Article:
Nigeria: According to a recent ruling emanating from the Nigerian High Court in the city of Lagos, the National Broadcasting Commission (NBC) (the body that regulates the broadcast media sector in Nigeria) may have acted beyond its authority by seeking to regulate the practice of advertising in the country. According to Justice Ambrose Lewis-Allagoa, the NBC lacks the authority to forbid exclusivity on privately acquired intellectual property rights and further dismissed the proposed amendment to the 6th Edition of the NBC Code for being incompetent null and void and therefore prevented the Commission from implementing it. Judge Lewis-Allagoa made the declaration in suit FHC/L/CS/1152.2020. The judge said, "The NBC acted beyond its power by seeking to regulate the practice of advertising in the country, contrary to the provisions of the extant Advertising Practitioners." An order was issued to the commission to set aside the amendment of the NBC Code and restrained the commission from implementing the Amendment to the NBC Code.

South Africa Clare O'Neil has been appointed as the new Chief Operation Officer of Primedia. O'Neil will coordinate the group's operational growth by upscaling synergies, directing group marketing and research strategies, and unpacking innovative data initiatives. She previously held positions at the SABC as General Manager of TV Sales and Commercial Sales Director at eTV. O'Neil also established and led the Broadcast Research Council of South Africa (BRCSA).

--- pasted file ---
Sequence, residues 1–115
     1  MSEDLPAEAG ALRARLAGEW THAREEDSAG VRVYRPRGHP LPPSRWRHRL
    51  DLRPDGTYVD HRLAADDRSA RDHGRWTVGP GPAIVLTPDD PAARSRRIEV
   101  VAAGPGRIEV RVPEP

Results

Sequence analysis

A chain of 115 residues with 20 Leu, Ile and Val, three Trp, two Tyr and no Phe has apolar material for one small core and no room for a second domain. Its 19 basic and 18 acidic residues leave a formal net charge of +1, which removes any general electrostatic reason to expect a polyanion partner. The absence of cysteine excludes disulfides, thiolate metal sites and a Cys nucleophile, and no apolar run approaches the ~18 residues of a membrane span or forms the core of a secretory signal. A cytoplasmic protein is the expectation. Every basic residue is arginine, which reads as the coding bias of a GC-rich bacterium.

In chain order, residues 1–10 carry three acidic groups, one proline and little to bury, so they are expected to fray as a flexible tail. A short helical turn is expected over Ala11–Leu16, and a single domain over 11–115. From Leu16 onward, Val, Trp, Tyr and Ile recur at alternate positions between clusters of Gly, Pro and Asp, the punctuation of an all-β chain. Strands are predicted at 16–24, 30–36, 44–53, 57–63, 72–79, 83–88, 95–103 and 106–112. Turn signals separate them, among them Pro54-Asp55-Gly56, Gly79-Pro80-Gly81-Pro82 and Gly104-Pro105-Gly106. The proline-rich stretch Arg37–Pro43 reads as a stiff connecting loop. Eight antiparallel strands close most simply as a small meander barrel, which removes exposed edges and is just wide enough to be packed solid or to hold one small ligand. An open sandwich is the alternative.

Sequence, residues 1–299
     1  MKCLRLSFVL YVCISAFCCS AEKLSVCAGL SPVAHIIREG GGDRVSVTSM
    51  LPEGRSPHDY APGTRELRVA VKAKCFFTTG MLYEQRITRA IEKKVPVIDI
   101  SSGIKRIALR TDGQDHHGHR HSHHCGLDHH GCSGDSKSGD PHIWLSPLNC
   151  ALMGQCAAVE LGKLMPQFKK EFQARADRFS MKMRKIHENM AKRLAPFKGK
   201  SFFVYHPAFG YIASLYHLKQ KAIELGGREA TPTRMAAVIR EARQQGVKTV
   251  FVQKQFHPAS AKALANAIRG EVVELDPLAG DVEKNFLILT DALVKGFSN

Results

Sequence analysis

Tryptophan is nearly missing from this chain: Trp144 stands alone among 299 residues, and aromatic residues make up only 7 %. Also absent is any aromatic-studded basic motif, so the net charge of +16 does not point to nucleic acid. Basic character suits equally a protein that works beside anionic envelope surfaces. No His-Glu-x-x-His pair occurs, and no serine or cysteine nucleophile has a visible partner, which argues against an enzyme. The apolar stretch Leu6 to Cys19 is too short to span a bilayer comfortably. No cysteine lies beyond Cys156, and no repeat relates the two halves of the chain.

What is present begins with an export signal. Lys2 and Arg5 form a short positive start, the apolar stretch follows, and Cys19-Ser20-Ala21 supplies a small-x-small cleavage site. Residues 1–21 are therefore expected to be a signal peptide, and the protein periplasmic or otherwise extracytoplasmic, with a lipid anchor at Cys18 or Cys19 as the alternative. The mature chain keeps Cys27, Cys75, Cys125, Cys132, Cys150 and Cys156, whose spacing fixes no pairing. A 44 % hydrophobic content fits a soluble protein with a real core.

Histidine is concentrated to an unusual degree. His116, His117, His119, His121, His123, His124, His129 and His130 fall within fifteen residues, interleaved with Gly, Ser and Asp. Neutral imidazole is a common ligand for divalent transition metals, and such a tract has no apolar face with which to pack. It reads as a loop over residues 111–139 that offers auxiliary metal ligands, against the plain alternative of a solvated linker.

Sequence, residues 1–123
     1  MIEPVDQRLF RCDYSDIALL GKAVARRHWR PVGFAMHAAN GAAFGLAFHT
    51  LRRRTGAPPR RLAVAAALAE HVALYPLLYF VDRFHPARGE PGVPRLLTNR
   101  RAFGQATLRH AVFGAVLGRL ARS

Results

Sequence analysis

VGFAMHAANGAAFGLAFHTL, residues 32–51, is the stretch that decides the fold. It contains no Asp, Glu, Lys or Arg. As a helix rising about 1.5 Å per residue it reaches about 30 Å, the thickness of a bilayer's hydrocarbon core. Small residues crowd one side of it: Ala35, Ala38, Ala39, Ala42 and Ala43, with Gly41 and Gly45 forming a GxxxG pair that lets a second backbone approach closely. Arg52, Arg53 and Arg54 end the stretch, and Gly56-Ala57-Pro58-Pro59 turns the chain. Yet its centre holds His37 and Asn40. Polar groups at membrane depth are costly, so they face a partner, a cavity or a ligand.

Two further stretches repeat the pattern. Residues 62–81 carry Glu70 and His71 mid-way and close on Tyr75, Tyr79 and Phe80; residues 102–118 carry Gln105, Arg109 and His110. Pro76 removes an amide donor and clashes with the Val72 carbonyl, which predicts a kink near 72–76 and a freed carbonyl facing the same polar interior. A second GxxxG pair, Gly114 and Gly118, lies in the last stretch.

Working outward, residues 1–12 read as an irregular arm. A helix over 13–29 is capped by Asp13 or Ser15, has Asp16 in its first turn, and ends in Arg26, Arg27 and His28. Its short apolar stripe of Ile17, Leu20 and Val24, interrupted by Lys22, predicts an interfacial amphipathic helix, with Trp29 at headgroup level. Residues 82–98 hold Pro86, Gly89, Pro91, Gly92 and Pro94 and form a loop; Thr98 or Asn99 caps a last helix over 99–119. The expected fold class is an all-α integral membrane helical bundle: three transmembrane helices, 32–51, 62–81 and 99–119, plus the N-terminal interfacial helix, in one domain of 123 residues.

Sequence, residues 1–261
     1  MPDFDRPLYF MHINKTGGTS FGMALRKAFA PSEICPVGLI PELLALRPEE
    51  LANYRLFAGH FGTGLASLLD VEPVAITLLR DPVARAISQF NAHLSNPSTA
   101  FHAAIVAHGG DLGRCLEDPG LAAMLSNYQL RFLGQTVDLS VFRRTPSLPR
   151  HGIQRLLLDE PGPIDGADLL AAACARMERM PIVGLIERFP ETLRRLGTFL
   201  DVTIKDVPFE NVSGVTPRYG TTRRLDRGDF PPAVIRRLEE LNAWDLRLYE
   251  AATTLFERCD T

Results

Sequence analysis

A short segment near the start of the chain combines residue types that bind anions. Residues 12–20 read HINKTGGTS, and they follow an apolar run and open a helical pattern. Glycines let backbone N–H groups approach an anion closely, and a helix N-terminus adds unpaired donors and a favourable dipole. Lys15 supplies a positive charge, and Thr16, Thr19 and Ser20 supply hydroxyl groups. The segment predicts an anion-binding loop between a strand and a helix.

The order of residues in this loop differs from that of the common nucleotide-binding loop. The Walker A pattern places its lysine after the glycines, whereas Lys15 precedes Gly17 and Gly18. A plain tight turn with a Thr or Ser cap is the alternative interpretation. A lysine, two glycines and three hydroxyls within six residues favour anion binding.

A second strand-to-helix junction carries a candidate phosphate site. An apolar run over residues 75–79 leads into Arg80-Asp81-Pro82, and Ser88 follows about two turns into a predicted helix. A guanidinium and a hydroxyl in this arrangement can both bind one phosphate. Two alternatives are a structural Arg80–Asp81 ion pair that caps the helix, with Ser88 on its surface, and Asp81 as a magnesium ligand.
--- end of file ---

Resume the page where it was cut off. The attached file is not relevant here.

MultiChoice has announced that it will be removing certain channels from its DStv bouquet. Following a review process, the broadcaster says it is undertaking the channel revamp to ensure the quality of local and international content it provides.

Burkina Faso: A TV5 Monde correspondent was expelled from public meeting in in the country. The Committee to Protect Journalists says that activists opposed to France's influence in Africa should not scapegoat journalists attached to French-speaking international media, and authorities in Burkina Faso should ensure that all members of the press can report freely on public events.

South Africa: The South African Minister of Communications, Khumbudzo Ntshavheni, has given the South African Broadcasting Corporation (SABC) until 30 June to specify how the entity will generate more revenue.